Monday, 5 December 2011

Dadagiri in Dwarka

You must have seen countless films with this storyline: one person bullies an entire locality/village; those who he bullies keep quiet, not wanting trouble; others say let’s keep out of his way, or he’ll get after us next; he gets bolder by the day and finally crosses his limits; the victims stand up to him, but the entire locality turns against them and cows down before him. The victims are isolated and harassed in various forms.
Did you think it ever could happen to you?
I didn’t.
But this has happened to me and a couple of others.
And we stand alone.
On November 19 this year, around 9.30 pm, the guard of the gated locality I live in came with a circular. It was from the present Residents Welfare Association (RWAs) and said an emergency meeting the following day (Sunday, 20 November) to discuss some serious issues had been convened and called all present and previous office-bearers to attend. My name was on it, though I had resigned on October 18.
I went to the meeting and what we heard there made our hair stand on end.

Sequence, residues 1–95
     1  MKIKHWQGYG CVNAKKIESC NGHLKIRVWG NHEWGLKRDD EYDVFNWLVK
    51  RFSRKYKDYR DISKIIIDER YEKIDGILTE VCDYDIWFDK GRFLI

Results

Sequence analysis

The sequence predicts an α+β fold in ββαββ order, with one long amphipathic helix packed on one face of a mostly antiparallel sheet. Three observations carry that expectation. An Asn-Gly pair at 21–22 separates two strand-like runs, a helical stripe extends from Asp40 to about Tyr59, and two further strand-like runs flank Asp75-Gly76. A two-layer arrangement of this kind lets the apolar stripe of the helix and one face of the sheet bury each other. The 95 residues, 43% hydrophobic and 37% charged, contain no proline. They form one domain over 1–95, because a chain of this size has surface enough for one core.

Two young men of the locality (one of whom is a major in the army), along with a friend, had been walking around in the campus around 2 am, chatting. The guard came and said he had received complaints and asked them to leave. They asked who had complained and that they would apologise. Meanwhile, one office bearer (let’s call him Mr X) started shouting at them from his house on the top floor, saying he was in charge of the security of the whole campus (there is no circular to that effect, though). There appeared to have been an exchange of words and then the boys started to return to their flat, cutting across the central park. As they reached the end of the park, Mr X (who had come down from his third floor flat) called them back. Let us allow for both sides not being entirely frank about their versions of the sequence of events that followed, but the short point was that Mr X hit the major with a lathi, the other RWA office bearers who had gathered by then rallied around Mr X. The younger boy had called 100 by then and at some point had received a call asking for directions. When they found the office bearers siding openly with Mr X, the younger boy said let us call the police and let them decide, the general secretary apparently said, ‘tum kya police bulaoge, hum bulayenge aur kahenge kit um logon ke gharon mein jaankh rahe the’ (we will call the police and tell them you were peering into people’s houses). (The general secretary completely denied this, but when the boys confronted him, he said it might have come out like that but that is not what I meant!!!) The altercation was somehow ended and one of the office bearers took the major to the hospital where his wound was stitched up.